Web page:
Fetal Alcohol Spectrum Disorder: An Overview
School of Community & Social Justice
Justice Institute of British Columbia
FASD Speakers' Bureau
Saskatchewan Prevention Institute
Fetal Alcohol Spectrum Outreach Training Modules
Are there any resources for teachers to help students with FASD in the classroom?a.) Yes, there are a number of guides and manuals for teachers to help students with FASD
learn in the classroom:
Towards inclusion: tapping hidden strengths. Planning for students who are alcohol-affected.
Manitoba Education, Citizenship and Youth
Making a difference: working with students with Fetal Alcohol Spectrum Disorders
Teaching students with Fetal Alcohol Spectrum Disorder
Planning for students with Fetal Alcohol Spectrum Disorder
Provincial Outreach Program for Fetal Alcohol Spectrum Disorder (POPFASD)
BC Ministry of Education
Fetal Alcohol Spectrum Disorder: talking about special education. Volume II
First Nations Education Streering Committee and the First Nations Schools Association
b.) As well, here are some curriculum resources for teachers to help students learn about FASD:
Teaching for the prevention of Fetal Alcohol Spectrum Disorder (FASD): Grades 1–12: a resource
for teachers of health and life skills, and career and life management
What are the secondary disabilities associated with FASD?
Whereas primary disabilities are those caused by structural and functional brain damage as a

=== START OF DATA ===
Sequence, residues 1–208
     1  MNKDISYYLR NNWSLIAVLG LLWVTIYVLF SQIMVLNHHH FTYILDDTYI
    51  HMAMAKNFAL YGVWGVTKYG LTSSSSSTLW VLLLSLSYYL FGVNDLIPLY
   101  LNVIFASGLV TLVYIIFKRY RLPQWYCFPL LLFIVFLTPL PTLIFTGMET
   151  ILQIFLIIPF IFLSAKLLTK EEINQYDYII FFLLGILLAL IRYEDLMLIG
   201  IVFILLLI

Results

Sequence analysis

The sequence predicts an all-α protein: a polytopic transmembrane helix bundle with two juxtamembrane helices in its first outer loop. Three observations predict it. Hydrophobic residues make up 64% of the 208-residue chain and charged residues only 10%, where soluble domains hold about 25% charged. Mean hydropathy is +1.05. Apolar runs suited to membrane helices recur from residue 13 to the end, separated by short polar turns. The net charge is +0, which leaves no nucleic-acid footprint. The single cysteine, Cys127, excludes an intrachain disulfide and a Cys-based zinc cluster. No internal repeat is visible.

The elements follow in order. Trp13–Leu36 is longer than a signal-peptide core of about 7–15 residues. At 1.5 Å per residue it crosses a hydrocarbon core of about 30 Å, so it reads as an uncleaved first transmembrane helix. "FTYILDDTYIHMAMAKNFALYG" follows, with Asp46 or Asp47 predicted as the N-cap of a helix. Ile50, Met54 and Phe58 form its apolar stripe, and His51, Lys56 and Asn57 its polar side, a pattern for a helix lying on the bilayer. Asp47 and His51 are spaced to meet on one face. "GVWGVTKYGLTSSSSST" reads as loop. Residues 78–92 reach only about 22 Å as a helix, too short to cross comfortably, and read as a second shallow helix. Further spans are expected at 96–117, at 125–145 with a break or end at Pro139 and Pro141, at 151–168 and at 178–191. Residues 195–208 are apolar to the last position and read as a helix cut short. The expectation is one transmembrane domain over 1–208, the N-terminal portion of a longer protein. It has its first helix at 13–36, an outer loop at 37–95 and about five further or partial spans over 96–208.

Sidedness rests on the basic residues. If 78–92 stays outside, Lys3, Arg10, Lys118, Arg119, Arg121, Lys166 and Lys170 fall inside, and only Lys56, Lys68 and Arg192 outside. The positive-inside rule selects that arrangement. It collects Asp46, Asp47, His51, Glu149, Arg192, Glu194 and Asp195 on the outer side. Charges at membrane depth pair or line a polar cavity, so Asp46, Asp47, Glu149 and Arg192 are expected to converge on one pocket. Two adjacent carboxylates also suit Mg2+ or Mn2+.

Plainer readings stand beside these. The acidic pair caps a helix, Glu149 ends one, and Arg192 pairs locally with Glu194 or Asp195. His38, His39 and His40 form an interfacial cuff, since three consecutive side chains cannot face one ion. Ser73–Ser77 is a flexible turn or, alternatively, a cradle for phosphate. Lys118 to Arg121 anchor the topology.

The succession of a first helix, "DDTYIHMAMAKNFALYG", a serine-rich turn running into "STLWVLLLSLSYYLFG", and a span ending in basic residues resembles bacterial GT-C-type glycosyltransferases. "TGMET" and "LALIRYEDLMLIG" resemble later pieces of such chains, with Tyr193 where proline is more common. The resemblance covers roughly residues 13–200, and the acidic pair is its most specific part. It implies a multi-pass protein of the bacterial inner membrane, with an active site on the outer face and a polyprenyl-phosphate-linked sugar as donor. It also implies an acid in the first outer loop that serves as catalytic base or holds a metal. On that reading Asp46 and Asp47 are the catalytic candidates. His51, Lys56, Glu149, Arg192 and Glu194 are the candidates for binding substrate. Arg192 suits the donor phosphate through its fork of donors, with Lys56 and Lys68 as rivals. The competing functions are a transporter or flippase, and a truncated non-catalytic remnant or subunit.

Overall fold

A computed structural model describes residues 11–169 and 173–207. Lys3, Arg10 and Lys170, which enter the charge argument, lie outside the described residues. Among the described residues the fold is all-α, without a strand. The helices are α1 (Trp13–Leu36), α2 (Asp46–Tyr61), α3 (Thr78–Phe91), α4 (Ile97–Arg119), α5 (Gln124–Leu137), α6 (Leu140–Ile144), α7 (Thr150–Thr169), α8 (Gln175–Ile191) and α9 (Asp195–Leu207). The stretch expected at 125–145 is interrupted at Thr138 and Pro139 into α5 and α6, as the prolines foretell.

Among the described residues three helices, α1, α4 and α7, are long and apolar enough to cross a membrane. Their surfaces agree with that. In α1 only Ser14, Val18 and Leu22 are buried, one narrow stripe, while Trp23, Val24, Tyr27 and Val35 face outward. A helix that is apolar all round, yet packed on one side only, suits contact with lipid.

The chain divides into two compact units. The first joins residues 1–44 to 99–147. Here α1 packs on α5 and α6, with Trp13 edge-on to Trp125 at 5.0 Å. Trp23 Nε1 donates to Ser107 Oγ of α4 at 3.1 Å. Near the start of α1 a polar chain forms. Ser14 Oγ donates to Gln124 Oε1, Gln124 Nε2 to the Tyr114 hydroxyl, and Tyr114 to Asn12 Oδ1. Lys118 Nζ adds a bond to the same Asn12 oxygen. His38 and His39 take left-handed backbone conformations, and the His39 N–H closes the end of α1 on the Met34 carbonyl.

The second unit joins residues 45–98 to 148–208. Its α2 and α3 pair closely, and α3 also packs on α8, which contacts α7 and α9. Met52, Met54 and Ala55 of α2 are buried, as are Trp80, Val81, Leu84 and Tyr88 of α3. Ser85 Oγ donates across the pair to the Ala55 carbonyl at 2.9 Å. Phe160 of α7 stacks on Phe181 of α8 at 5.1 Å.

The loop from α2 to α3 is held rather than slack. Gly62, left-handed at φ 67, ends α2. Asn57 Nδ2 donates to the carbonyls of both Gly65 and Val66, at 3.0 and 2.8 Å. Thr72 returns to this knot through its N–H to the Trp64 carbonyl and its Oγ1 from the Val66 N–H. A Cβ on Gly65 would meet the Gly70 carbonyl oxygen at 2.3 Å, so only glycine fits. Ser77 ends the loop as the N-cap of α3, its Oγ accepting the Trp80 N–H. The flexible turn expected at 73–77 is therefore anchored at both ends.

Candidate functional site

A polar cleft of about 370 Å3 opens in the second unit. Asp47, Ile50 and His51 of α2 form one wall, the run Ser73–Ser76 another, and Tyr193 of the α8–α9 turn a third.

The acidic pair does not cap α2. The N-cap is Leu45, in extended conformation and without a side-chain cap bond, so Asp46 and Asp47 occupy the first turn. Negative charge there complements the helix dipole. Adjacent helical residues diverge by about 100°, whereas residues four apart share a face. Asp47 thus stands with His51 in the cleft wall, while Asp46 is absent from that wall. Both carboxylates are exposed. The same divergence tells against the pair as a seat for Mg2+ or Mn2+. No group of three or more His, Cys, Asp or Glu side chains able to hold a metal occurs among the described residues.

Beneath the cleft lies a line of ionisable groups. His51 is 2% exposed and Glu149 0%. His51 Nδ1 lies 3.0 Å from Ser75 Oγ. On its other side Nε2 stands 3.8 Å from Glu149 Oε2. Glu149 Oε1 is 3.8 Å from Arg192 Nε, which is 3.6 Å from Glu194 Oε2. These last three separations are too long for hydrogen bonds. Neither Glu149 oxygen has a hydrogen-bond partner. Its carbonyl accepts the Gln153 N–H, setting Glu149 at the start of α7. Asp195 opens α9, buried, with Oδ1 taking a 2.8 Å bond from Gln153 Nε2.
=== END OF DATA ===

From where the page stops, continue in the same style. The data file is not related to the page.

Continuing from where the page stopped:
result of prenatal alcohol exposure, secondary disabilities are those that an individual is not
born with, but may acquire because of the central nervous system deficits caused by prenatal
alcohol exposure. The secondary disabilities are mental health problems, disrupted school
experience, alcohol or drug use, trouble with the law, confinement, inappropriate sexual
behaviour, dependent living, problems with employment.
While a susceptibility to secondary disabilities exists in individuals with FASD, there are also
protective factors that can help in preventing or reducing their occurrence such as early diagnosis
and stable housing. Please see the documents below for further reading:
Secondary disabilities among adults with Fetal Alcohol Spectrum Disorder in British Columbia
Journal of FAS International, October 2004
Secondary disabilities and Fetal Alcohol Spectrum Disorder
Dr. Brenda Stade
Where can I get a copy of the FASD Directory?
The FASD Organizations database replaces the FASD Directory of Information and Support Services in Canada, which was previously published as a PDF. The database includes Canadian organizations and groups that provide an FASD service, program or support and that have met a set of inclusion criteria.
To access the database from CCSA's website, choose 'Our Databases' from the 'Knowledge Centre' menu at the top of the home page. To search the database, type text into the 'Any keyword or phrase' field or select items from the Browse menus; you can also narrow your search by Province or Territory. For each listing, the organization's contact information and a description of services is provided.